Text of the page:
The aforementioned custom modes that are available can be accessed from the C1 and C2 options on the mode dial. C1 setting activates the Handheld High Res Shot while C2 sets the Drive mode to Single Shot along with image stabilization set to S-IS AUTO to support handheld shooting.

“In addition, while it is common to finish astrophotography by adjusting the color tone etc. in the post-shooting development process, the custom modes C1 and C2 also have settings suitable for astrophotography, such as white balance and tone curve, so that natural images can be obtained even when output from the camera,” OM System adds.

The E-M1 Mark III Astro also has Starry Sky autofocus and live composite for shooting star trails.

Image of the Rosette Nebula, a large, circular star-forming region in the constellation Monoceros. The nebula’s reddish hue and intricate structure stand out amid a densely speckled backdrop of stars against the dark vastness of space.
M.ZUIKO DIGITAL ED 300mm F4.0 IS PRO | ISO 6400, 60 seconds, f/4, Two images taken with a handheld high-res shot were averaged and combined using an equatorial mount.

While the IR cut filter is the most notable hardware change, OM System also is making two body-mounted filters that can be attached in front of the sensor but behind the lens which allows for the same visual effect even if the lens is changed: a light pollution filter and a soft filter. Both can be attached at the same time and can be used with super-wide or even fisheye lenses because of their position behind the optic.

“Light pollution filters cut out light from artificial light sources such as city lights and street lamps. This prevents color casts in the night sky, allowing you to capture the original beauty of nebulae and constellations more vividly,” OM System explains. “The high-resolution M.Zuiko Digital lenses form a clear point image of stars, which are ideal light sources. On the other hand, because many stars are recorded as point images, representative stars may not look impressive. By using this soft filter, you can achieve the effect of blurring and emphasizing point light sources, making brighter stars appear larger and more blurred, and the colors of the stars are also emphasized, making the stars and constellations stand out.”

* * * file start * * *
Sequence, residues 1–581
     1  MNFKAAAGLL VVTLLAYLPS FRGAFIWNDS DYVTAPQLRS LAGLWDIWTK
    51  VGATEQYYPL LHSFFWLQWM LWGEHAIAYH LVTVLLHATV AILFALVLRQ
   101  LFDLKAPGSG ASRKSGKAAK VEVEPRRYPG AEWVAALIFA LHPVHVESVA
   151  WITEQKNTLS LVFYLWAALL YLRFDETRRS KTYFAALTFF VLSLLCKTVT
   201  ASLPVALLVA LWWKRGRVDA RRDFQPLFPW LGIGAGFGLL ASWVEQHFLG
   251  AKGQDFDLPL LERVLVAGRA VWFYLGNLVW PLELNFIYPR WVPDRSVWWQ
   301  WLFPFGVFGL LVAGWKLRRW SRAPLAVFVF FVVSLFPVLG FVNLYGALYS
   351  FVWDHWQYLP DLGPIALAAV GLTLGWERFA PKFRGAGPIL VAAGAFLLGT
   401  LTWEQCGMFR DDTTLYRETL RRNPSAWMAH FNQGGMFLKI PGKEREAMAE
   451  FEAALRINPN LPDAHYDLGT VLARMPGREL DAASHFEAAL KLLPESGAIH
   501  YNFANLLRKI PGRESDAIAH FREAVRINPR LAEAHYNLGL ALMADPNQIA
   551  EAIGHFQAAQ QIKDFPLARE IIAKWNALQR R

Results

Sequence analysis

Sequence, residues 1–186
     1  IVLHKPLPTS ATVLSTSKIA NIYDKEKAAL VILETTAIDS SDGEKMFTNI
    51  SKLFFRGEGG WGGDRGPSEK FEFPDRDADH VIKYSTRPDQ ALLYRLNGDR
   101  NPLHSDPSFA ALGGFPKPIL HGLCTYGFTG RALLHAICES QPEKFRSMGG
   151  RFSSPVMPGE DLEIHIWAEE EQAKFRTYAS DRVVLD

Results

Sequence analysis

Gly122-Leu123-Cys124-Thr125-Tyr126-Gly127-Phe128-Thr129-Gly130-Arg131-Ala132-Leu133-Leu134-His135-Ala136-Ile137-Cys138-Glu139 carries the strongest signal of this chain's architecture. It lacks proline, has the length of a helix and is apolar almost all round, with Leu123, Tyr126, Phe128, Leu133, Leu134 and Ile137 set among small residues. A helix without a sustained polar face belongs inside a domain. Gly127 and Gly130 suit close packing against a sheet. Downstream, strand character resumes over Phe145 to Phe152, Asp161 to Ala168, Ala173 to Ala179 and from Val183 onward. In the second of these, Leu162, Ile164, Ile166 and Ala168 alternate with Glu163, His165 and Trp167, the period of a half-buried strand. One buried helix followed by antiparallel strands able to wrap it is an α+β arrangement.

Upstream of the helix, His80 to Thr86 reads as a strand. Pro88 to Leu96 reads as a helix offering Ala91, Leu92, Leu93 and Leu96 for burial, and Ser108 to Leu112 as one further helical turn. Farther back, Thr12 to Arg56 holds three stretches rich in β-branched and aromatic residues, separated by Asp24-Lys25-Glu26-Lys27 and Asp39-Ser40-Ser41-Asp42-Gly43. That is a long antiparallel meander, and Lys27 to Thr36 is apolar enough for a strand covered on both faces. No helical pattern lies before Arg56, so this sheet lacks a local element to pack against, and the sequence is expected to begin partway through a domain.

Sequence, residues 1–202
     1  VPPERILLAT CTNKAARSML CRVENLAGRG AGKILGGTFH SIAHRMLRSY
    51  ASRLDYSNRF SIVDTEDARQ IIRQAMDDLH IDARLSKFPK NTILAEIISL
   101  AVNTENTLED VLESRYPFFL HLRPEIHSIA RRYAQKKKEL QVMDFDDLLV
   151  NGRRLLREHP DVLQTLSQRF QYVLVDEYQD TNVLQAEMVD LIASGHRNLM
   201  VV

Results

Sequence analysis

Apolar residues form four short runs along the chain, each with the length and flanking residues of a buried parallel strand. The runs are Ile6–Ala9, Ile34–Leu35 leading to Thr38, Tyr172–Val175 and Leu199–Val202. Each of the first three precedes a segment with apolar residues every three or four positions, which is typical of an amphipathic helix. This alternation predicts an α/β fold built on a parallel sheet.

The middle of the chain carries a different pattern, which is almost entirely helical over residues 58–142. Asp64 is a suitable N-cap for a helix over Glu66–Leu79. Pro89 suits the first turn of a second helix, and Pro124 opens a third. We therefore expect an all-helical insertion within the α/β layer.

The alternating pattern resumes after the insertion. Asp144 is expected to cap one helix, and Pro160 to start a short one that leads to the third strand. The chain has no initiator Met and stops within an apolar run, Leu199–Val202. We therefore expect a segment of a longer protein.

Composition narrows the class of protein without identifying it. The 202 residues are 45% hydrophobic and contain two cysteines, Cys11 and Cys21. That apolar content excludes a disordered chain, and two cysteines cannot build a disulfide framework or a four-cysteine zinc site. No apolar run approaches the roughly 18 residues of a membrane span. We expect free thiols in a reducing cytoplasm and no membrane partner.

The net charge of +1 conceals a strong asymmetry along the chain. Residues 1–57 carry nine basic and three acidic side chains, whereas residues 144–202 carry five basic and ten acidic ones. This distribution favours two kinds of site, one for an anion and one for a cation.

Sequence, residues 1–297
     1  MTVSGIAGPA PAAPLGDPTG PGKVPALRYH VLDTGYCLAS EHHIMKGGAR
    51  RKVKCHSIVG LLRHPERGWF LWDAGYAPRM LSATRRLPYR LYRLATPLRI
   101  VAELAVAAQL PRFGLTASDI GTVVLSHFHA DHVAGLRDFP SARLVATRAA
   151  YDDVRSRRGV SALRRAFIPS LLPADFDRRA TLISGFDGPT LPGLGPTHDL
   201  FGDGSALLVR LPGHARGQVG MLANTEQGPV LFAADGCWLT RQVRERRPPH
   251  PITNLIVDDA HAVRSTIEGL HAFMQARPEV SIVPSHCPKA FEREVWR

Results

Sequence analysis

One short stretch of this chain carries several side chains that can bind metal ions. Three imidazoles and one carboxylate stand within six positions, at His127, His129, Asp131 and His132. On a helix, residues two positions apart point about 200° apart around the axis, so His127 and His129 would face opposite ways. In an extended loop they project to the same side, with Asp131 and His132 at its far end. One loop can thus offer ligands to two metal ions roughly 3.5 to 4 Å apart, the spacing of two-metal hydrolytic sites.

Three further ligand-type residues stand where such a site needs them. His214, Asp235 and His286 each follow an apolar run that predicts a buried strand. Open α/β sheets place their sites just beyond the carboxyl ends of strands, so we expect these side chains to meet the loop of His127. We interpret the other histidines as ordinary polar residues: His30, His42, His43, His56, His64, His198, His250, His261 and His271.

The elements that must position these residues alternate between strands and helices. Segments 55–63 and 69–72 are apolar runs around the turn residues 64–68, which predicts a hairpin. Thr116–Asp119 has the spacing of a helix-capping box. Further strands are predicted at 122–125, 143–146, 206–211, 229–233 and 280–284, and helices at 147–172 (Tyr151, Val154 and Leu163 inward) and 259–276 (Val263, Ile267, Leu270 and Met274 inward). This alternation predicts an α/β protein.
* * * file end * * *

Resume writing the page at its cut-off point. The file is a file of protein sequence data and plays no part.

A vibrant and detailed telescopic image of a star-filled region in space. The stars vary in color, from blue and white to vivid red and pink. Nebulous clouds are visible, contributing to the colorful celestial display set against the black background of space.
M.ZUIKO DIGITAL ED 75mm F1.8 | ISO 6400, 60 seconds, f/2.8, Six images taken with a handheld high-res shot were averaged and merged using an equatorial mount and a body-mounted light pollution cut filter BMF-LPC01 and a commercially available soft filter.

The OM System E-M1 Mark III is not considered a “new” camera in the United States anymore, and OM System is likely repurposing older stock for this specialized use case — that certainly would explain the appearance of the “Olympus” name on the camera.

Additionally, OM System tells PetaPixel that it is initially launching the E-M1 Mark III Astro in the Japanese market for 327,800 yen (about $2,030) which includes the two body filters, with intentions to introduce it later this year in Australia. Currently, there are no plans to release it in North America.

Image credits: OM System